• Axios reports that "Centers for Disease Control and Prevention Director Rochelle Walensky went off script at a briefing Monday and made an emotional plea to Americans not to let up on public health measures amid fears of a fourth wave … 'I'm going to reflect on the recurring feeling I have of impending doom,' Walensky said, appearing to hold back tears. 'We do not have the luxury of inaction. For the health of our country, we must work together now to prevent a fourth surge'."
The Axios story points out that the White House coronavirus response team "is seeking to confront the current dichotomy in the U.S., in which immense optimism from the speed of the vaccine rollout must be balanced with continued restraint in moving forward with normalcy.
"'The thing that’s different this time is we actually have it in our power to be done with this scale of vaccination and that will be so much slower if we have another surge to deal with as well,' Walensky said. 'I’m speaking today not necessarily as your CDC director, but as a wife, as a mother, as a daughter to ask you to just please hold on a little while longer. I so badly want to be done. I know you all so badly want to be done. We are just almost there, but not quite yet'."
• The Washington Post writes that "Troubling signals abounded Monday. Daily case counts continued their trend in the wrong direction. The seven-day rolling average of infections, which is considered the most reliable measure of daily case counts, rose for the seventh consecutive day, finishing just below 64,000 … Some hospitals reported admitting younger people with more severe disease. That is evidence that vaccines are protecting people older than 65 who once were the most vulnerable but leaving the unvaccinated exposed. A new variant of the virus that is more contagious and causes more severe disease is taking hold across the country."
Evidence of the age shift, according to the Post: "At Connecticut’s Yale New Haven Health System … admissions of covid-19 patients ages 35 to 44 are up 41 percent in the past seven weeks, while admission of people 65 and older is down more than 70 percent. At Grady Memorial Hospital in Atlanta, inpatients older than 65 have largely disappeared, replaced by a younger population. And among the patients in Michigan’s Henry Ford Health System, the median age has declined to 58, years younger than during previous surges of the virus."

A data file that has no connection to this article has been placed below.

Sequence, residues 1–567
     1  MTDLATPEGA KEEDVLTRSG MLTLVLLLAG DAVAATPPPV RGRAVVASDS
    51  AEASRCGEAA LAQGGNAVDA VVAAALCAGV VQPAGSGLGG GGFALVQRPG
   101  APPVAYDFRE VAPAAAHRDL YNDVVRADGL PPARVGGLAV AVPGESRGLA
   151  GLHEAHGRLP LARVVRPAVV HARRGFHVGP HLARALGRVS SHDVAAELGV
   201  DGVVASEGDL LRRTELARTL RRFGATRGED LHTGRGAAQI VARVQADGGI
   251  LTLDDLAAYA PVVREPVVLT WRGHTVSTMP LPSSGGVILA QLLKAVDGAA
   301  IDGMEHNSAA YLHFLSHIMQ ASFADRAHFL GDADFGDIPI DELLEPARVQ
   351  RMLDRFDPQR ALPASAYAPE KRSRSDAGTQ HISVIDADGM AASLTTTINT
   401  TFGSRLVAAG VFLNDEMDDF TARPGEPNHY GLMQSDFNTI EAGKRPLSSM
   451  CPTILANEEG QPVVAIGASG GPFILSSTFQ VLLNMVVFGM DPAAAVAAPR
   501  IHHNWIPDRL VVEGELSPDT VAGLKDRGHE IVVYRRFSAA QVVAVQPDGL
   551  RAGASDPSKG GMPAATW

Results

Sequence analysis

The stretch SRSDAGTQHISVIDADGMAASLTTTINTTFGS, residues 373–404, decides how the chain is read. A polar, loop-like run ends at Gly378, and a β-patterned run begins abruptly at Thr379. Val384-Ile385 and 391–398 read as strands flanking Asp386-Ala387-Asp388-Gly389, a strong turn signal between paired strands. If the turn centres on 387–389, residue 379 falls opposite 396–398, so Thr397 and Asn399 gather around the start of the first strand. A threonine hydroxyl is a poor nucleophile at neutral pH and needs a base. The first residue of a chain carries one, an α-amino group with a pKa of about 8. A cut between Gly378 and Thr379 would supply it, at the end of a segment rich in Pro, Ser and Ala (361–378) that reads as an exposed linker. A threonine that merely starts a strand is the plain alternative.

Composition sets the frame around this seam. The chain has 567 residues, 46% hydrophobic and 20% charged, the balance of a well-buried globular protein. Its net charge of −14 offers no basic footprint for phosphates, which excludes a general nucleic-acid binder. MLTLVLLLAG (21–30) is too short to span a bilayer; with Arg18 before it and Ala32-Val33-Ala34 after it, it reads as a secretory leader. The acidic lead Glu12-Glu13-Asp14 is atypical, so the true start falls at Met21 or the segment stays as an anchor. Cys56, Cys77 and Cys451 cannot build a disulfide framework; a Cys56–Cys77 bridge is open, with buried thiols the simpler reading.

• The Associated Press reports that "more than 20 heads of government and global agencies called in a commentary published Tuesday for an international treaty for pandemic preparedness that they say will protect future generations in the wake of COVID-19.
"But there were few details to explain how such an agreement might actually compel countries to act more cooperatively.
"World Health Organization Director-General Tedros Adhanom Ghebreyesus and leaders including Prime Minister Boris Johnson of Britain, Premier Mario Draghi of Italy and President Paul Kagame of Rwanda proposed 'a renewed collective commitment' to reinforce preparedness and response systems by leveraging the U.N. health agency’s constitution.
"'The world cannot afford to wait until the pandemic is over to start planning for the next one,' Tedros said during a news conference. He said the treaty would provide 'a framework for international cooperation and solidarity' and address issues like surveillance systems and responding to outbreaks'."
The story notes that "international regulations governing health and implemented by WHO already exist - and can be disregarded by countries with few consequences."